Most of the time, though, I just give whatever compliments come to mind. If I have the luxury of writing back and forth a few times, and getting feedback, then I can shape compliments a little bit more to what’s appreciated, but like I said, people just generally don’t get enough appreciation, so anything’s generally well-accepted.

(It’s also very interesting to see if people respond back in kind. These letters are usually the best that I can do—in my head I call them love letters for a reason—and often people will write back or respond back that they were touched. That’s when I’ve done well, and that helps bring those relationships closer. Sometimes I’ll just miss the boat completely and appreciate them for things that they don’t care about, and that’s my bad. Sometimes I think I’ll have gotten it right, and still get nothing back, and those are always sad for me. I rarely try again, generally interpret a non-response as them not feeling particularly strongly for me, and those relationships usually fade.)

Ha, I’ve gotten quite off-track from my original point, which is the depth of late-night conversations. Specifically, I can see why mutual reassurance doesn’t happen until people are in a private space, because that’s usually when I decide I’m comfortable enough to start sharing why I appreciate others. I also know that there are some things I’m most comfortable expressing on the blog, at least at first, because it gives me the time and space to figure out what I’m going to say, which doesn’t happen in an online conversation. (Though really really feel free to bring up anything I say in the blog in real life. Even out of the blue. By the time I’ve decided to write about it here it’s fair game.) So if I just extend those feelings of reluctance to other people, and give them a wider scope of topics, including insecurities, they experience this feeling for… then I think that explains why it usually takes so long to share personal stories.

I’ve recently been considering another hypothesis, which is that people perhaps don’t have personal thoughts and characteristics as readily categorized as I keep mine. It could be that people haven’t thought about all of their personal abstractions in a way that makes them verbalizable, or they haven’t consciously thought about any of the terrible things that run through their heads. For example, I know I’m sexist and racist and uncaring and jealous and all sorts of terrible in my initial reactions, and then I do my best to overcompensate and not act on those initial responses because, frankly, they’re stupid responses. But I recently had someone judge me for describing this, and I thought it was so funny, because “hey, you know it’s not just me.” Most of us have similar –ist feelings, and whether we show them or not depends on what we do after we have them. But that experience made me think that another reason that people may not be able to produce lists on command is because they’re skipping past those initial moments when they’re terrible people.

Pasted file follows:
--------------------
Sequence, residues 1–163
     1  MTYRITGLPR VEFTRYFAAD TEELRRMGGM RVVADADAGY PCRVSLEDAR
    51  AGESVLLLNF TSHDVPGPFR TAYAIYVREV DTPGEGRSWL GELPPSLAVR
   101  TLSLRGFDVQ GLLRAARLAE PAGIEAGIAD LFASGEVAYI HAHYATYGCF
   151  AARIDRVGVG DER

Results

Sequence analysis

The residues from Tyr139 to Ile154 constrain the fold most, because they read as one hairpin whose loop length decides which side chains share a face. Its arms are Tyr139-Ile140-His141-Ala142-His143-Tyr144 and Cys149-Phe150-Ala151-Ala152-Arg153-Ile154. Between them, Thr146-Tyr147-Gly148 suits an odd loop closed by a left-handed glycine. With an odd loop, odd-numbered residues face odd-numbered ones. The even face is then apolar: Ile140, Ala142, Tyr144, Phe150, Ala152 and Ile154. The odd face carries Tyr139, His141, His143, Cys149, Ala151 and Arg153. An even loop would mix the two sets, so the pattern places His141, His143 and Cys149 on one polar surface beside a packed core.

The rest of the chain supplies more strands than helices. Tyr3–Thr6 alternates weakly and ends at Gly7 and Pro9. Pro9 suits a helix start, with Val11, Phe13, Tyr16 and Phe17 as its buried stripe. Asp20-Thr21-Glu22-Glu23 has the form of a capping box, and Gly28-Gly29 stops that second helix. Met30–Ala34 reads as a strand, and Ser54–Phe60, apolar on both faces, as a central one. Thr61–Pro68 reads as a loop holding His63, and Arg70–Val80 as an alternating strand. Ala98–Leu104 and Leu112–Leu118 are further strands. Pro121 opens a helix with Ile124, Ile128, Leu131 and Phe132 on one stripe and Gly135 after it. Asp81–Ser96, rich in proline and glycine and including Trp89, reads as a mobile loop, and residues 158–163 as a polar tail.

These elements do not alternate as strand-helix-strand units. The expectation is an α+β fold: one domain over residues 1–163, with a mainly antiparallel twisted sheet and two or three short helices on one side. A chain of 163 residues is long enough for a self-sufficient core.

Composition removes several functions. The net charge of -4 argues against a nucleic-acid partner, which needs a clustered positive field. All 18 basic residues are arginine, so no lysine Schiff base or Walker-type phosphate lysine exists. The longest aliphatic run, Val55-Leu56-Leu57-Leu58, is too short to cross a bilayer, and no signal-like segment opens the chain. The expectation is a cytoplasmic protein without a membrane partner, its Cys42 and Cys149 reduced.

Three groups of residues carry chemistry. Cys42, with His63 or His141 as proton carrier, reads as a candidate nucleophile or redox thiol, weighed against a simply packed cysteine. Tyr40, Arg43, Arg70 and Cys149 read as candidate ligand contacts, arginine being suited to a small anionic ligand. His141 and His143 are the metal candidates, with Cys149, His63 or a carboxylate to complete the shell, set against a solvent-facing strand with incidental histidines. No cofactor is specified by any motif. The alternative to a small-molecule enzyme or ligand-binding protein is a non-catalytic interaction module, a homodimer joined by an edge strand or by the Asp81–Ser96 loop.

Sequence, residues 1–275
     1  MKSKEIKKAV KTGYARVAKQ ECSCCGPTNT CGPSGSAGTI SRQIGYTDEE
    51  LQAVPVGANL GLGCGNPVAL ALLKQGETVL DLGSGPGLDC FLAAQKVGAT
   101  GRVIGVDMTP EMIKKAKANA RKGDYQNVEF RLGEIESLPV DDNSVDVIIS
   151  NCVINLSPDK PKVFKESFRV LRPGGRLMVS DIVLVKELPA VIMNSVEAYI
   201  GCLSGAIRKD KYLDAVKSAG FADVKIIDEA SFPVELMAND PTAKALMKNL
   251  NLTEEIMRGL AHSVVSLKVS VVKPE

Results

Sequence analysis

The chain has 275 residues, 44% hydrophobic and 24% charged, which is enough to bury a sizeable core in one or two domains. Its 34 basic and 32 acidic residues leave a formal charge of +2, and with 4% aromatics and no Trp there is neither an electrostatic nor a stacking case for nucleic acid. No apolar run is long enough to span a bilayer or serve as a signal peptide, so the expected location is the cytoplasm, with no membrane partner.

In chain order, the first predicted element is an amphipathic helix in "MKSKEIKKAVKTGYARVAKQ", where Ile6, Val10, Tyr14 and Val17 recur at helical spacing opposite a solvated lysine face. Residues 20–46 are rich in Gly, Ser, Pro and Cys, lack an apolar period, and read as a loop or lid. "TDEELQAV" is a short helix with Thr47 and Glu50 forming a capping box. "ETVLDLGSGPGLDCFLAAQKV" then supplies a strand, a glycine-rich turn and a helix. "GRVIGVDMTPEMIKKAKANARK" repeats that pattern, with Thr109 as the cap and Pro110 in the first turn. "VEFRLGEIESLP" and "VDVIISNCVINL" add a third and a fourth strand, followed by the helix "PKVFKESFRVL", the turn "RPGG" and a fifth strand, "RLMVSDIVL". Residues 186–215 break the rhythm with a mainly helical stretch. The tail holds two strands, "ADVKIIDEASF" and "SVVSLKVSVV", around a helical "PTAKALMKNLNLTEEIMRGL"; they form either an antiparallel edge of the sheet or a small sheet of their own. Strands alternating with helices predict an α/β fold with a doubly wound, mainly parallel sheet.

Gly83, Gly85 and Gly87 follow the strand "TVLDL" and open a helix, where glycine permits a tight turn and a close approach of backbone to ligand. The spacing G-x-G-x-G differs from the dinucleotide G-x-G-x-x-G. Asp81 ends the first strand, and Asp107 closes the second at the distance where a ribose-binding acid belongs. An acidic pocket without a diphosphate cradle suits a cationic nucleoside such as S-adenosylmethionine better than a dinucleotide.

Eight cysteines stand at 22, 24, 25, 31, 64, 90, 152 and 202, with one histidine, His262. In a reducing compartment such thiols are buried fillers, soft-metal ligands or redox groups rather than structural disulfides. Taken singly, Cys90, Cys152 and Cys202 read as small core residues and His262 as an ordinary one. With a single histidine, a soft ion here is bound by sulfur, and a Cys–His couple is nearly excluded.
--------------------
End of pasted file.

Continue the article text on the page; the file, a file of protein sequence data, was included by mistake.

Essentially, I think there’s no good reason why we can’t skip straight to the meaningful stuff. I don’t see why I have a reluctance to give sincere compliments in person, or why I’m not constantly handing out compliments in general. It makes zero sense to me. I like making people feel good about themselves—why am I not doing this thing that is an effective way of making them feel good about themselves, especially if we’re wired to feel neutral and then bad about ourselves after pretty short periods of time? If you know someone will accept you and is trustworthy, why wouldn’t it be a good thing to reveal important and sensitive information that will bring you closer? There’s a clear argument to this one—what if you’re wrong and they’re actually not trustworthy—but I still think that people wait a lot longer than would be optimal, especially for lesser emotional reveals. In short, I don’t think there’s a logical impediment for us not connecting with each other sooner. What, then, is the drive behind having emotions that make us reluctant to bridge these gaps, and only do so after extended periods of interaction and then being in a private space, all of which must happen within a single episode? (That, at least, has been my experience.)

I’m not sure. For the compliments idea, I was introspecting and consulting with others and I think a part of it is that having unequal relationships with others is deeply hurtful. Whenever I hear about romantic relationship breakups, it’s always that the other person loved them more than they felt, or they loved the other person more than it was returned, and that’s always the root of the problem that people start with when they’re asked to describe what happened. And I think, maybe, this could be one of the major things we’re trying to avoid when we form any kind of relationship. In this hypothesis, there’s usually someone who is more interested from the outset, and their goal is to make the other person like them equally. They do this via many implicit signals of interest and engagement. Then, when everyone is completely sure that the other person likes them as a friend with equal intensity, then finally the explicit reassurances can come out and everyone’s on solid ground and the relationship can be more stable. Man, though. It seems like a lot of work to avoid inequalities. It describes a lot of what I feel intuitively about these sorts of situations, but I’m very interested to see what other people think about the motivations for why we might not do the faster thing, get to the best part of relationships faster so we can enjoy them longer, and just get to the good, deep, revealing parts earlier on.

Well. I thought that last part would be short. It was in fact half a sentence fragment in my word doc, but look at me going on and on! Ah well, we’ll see if the next chunks are just as long or are shorter as originally pledged.